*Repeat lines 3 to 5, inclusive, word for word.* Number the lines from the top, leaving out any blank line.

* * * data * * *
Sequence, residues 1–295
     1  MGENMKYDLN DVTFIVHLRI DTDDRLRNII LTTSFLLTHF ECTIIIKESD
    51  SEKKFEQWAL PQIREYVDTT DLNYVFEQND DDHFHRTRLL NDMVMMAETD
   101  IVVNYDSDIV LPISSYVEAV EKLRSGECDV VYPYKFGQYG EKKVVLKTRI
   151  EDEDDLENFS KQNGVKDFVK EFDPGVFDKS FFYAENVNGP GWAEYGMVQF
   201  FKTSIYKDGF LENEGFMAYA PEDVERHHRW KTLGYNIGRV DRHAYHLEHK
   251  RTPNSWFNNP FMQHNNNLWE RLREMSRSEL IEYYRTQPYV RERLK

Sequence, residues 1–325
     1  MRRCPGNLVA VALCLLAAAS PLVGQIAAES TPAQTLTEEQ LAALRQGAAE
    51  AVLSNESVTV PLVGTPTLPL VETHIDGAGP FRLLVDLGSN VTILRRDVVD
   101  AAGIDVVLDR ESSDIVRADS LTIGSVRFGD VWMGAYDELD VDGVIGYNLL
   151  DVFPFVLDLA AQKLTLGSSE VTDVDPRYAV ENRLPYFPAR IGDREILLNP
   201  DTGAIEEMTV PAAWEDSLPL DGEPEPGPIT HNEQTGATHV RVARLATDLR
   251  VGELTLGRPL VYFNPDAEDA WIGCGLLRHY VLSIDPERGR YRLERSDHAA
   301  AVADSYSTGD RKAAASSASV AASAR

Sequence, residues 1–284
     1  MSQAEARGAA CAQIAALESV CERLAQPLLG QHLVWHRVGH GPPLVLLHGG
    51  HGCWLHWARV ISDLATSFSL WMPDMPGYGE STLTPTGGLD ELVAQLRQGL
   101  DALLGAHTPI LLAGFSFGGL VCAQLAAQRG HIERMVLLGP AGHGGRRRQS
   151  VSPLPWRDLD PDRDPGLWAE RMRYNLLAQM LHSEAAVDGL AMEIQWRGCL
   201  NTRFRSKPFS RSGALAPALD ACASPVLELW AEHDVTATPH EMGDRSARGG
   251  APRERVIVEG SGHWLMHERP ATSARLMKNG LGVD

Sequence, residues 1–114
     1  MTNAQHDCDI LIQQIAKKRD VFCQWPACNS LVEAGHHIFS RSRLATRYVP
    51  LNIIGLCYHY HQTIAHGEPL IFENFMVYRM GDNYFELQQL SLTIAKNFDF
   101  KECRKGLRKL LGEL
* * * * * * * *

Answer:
    51  SEKKFEQWAL PQIREYVDTT DLNYVFEQND DDHFHRTRLL NDMVMMAETD
   101  IVVNYDSDIV LPISSYVEAV EKLRSGECDV VYPYKFGQYG EKKVVLKTRI
   151  EDEDDLENFS KQNGVKDFVK EFDPGVFDKS FFYAENVNGP GWAEYGMVQF